In SQL Server 2012, there are two new string functions being introduced, namely: CONCAT(), FORMAT(). In this blog post we are going to learn about String Function CONCAT(). CONCAT takes a minimum of two arguments to concatenate them, resulting to a single string.
Now let us look at these examples showing how CONCAT() works:
Example 1: CONCAT Function Usage
SELECT CONCAT(1, 2, 3, 4) AS SingleString SELECT CONCAT('One',1, 1.1, GETDATE()) AS SingleString SELECT CONCAT('One',2,NULL) AS SingleString SELECT CONCAT('','','','') AS SingleString SELECT CONCAT(NULL, NULL) AS SingleString
Now let us observe a few things based on the result above. Earlier, when we had to concat strings, we used ‘+’ sign and always CAST/CONVERT any variable to a string. It used to give us an error. However, when you look at this new one function, it automatically and implicitly CAST/CONVERT any datatype to integer and then CONCATs them together in a single string. NULL values are automatically converted to empty strings. If you notice that even the datetime fields are automatically converted to the string without any extra operations. Additionally, the return value from the CONCAT string could be of datatype VARCHAR(MAX).
Example 2: Usage of CONCAT with Table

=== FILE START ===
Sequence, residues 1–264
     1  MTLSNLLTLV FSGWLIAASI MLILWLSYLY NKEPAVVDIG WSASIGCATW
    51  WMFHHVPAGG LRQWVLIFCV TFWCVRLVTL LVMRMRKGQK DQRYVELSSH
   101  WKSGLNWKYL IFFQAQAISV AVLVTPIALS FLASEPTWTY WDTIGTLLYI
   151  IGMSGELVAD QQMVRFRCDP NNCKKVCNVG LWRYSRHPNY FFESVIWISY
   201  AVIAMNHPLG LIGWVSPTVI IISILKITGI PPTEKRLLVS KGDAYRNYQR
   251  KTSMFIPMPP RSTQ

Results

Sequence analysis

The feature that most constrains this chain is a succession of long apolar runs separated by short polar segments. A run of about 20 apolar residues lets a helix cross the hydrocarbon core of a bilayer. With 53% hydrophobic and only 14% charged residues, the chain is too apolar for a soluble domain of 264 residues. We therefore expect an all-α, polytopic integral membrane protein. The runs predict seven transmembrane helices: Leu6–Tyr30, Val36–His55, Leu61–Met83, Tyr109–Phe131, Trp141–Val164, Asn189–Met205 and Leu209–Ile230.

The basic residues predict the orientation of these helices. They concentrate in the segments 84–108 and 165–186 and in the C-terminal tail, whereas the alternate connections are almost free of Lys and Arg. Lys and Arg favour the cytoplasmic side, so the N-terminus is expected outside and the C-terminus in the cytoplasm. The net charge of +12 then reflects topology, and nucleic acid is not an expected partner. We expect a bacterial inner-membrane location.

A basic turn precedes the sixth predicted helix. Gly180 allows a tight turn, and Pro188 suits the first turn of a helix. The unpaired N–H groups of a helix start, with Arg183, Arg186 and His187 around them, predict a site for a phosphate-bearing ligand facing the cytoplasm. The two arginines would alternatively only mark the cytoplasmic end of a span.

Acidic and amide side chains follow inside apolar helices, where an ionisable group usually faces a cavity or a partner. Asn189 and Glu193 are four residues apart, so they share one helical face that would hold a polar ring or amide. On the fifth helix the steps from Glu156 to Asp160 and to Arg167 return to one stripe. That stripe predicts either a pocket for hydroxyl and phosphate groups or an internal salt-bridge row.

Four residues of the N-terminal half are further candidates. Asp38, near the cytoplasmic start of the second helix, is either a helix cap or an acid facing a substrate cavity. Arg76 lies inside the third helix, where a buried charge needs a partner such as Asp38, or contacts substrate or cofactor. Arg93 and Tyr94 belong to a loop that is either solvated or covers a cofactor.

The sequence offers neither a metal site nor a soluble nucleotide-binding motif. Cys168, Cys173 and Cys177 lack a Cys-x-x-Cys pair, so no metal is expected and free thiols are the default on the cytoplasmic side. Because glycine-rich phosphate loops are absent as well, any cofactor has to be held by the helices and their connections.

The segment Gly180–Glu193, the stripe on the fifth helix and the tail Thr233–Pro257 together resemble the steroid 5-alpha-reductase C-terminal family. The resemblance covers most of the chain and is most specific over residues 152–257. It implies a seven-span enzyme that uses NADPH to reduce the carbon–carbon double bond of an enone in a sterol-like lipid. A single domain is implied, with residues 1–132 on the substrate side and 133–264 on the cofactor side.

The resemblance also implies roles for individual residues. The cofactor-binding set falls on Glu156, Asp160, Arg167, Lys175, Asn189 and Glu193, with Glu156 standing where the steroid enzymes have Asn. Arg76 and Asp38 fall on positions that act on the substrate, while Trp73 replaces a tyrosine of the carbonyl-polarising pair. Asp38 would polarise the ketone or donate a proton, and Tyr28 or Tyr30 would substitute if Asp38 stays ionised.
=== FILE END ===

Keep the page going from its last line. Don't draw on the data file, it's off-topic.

USE [AdventureWorks2008R2] GO SELECT CONCAT([AddressID],' ',[AddressLine1],' ', [AddressLine2],' ',[City],' ', [StateProvinceID],' ',[PostalCode]) AS Address FROM [Person].[Address] GO
In the following example, we see the result of the query listed above:
You can see how neatly and easily the strings are concatenated using this new function. It takes out lots of unnecessary code and makes it much simpler to execute.
Now let us look under the hood in the execution plan. In the execution plan, we can see that the CONCAT function is a scalar operation. When we look at the scalar operation using Properties, it shows that the CONVERT_IMPLICIT function is automatically called to convert non-nvarchar data types columns to NVARCHAR.
Overall, when I have to concat multiple values and data in the future, I am going to use the CONCATE() function.
Watch a quick video relevent to this subject:
Reference: Pinal Dave (https://blog.sqlauthority.com)